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March 4, 2024
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International News

Bulgarian Farmers Block Border Points with Romania in Protest against Cheap Ukrainian Grain Exports

Protests against the cheap Ukrainian grain exports reach Bulgaria as well. Bulgarian farmers block the crossing points at the Romanian border in protests against the exports of Ukrainian grains.

As announced by Crisis24.com, The Bulgarian National Association of Grain Producers is leading protests at four border crossing points with Romania from March 29-31. The purpose of the action is to demand the government change rules around importing grain from Ukraine, which activists claim undercuts domestic producers. The targeted crossing points are Vidin, Ruse, Kardam, and Silistra; activists intend to use vehicles to block customs areas and adjacent roads.

The protests will result in significant disruptions at the targeted crossing points, including delays and possible suspension of traffic through border checkpoints. Authorities will deploy additional security forces to monitor the protests and may attempt to disperse protesters. The actions are likely to remain peaceful, though isolated clashes between activists and security services or with disgruntled road users are possible.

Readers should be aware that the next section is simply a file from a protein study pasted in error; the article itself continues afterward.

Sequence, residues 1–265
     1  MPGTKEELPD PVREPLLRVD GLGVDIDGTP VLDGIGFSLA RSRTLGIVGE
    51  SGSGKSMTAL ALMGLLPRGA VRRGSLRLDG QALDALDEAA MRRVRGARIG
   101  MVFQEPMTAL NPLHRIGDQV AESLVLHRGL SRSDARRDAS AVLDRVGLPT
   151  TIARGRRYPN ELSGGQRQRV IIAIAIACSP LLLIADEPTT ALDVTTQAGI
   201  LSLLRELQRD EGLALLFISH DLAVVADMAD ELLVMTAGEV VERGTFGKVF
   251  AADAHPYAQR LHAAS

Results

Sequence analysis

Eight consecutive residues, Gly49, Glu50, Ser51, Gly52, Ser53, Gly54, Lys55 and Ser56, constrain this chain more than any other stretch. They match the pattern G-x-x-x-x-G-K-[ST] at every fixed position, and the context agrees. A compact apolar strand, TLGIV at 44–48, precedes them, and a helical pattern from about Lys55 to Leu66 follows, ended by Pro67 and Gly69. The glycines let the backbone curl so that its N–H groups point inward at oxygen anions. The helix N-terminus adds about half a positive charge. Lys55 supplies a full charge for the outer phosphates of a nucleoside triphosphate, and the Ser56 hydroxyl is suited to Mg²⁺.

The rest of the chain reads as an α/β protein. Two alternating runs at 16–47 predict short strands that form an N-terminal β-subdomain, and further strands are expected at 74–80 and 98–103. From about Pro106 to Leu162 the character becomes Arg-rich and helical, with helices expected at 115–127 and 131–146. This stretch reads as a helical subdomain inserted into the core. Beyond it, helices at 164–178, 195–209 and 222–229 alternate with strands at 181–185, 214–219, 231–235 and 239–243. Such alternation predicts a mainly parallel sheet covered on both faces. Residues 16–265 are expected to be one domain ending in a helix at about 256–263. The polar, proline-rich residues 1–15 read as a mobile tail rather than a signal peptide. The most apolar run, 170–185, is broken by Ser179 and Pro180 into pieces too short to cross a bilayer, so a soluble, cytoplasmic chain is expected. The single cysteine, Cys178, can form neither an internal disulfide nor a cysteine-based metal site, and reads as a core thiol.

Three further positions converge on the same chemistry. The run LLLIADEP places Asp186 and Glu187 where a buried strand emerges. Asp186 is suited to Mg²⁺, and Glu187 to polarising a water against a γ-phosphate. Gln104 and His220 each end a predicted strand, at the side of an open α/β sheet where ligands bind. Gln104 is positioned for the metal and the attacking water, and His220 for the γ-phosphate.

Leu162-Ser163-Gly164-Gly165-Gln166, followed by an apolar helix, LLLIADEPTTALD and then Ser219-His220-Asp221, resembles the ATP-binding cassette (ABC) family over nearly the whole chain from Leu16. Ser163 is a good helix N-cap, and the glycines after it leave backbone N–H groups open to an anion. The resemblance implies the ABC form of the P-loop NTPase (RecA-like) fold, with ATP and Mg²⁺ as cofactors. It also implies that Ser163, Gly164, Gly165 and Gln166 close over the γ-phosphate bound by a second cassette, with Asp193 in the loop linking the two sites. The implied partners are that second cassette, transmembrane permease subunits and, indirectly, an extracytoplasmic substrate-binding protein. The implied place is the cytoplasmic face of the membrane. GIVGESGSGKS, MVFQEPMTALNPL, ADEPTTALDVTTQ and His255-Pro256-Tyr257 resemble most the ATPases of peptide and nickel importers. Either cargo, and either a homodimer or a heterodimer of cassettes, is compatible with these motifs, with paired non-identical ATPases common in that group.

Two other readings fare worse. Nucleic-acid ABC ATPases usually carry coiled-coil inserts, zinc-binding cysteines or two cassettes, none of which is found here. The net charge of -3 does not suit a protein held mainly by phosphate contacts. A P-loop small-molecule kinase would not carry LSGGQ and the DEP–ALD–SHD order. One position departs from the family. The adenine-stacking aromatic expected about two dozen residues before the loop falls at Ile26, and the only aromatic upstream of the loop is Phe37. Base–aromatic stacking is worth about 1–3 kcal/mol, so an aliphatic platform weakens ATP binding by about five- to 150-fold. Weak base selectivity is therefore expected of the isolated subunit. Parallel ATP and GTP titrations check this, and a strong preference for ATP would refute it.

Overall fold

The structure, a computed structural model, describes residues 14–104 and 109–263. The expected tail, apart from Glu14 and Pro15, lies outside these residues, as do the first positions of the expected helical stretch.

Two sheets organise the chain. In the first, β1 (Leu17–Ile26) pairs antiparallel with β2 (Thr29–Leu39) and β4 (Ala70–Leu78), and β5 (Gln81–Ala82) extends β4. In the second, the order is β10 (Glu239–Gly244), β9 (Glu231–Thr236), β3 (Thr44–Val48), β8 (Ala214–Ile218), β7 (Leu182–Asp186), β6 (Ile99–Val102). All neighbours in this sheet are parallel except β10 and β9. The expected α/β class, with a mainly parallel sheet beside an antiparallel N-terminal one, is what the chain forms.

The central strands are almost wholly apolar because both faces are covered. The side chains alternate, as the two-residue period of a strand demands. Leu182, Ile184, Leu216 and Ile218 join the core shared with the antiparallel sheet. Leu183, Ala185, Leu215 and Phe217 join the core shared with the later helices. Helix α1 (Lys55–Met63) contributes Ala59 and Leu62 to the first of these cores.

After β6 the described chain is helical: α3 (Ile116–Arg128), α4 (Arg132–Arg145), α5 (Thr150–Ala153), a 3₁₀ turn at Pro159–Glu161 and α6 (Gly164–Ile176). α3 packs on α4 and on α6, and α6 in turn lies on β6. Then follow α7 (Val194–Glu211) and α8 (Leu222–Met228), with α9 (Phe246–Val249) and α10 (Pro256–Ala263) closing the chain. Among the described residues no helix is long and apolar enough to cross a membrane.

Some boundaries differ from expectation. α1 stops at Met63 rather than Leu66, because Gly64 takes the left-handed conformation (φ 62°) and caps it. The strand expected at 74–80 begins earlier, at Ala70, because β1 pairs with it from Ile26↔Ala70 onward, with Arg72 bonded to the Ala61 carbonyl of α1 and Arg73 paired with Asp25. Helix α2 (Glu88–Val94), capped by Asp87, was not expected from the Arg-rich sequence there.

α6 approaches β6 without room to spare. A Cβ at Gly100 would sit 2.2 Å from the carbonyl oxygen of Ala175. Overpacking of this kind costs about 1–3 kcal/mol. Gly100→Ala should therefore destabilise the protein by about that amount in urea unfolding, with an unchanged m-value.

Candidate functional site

It’s not only Bulgarian farmers but also Romanian and Poland farmers who are unhappy with the decision to allow Ukrainian products to be exported to the European Union. The low prices and low quality make the Ukrainian grain flood the market instead of the higher quality but higher pricing Bulgarian, Poland and Romanian cereals.

Not only that, but the sums allocated to the three countries by the European Union to cover the costs of the losses are ridiculous: Poland will receive 30 million euros, Bulgaria will receive 16 million, and Romania will receive the least money, 10 million euros. Apparently, after Romanian farmers’ protests, the EU decided to increase the funds to Romania, but an official announcement from Brussels is yet to come.

In February, the Romanian farmers asked the European Union to impose controls at the border for Ukrainian grains, as they are exempt from such checking. This allows Ukrainian products with pesticides to enter the European market.

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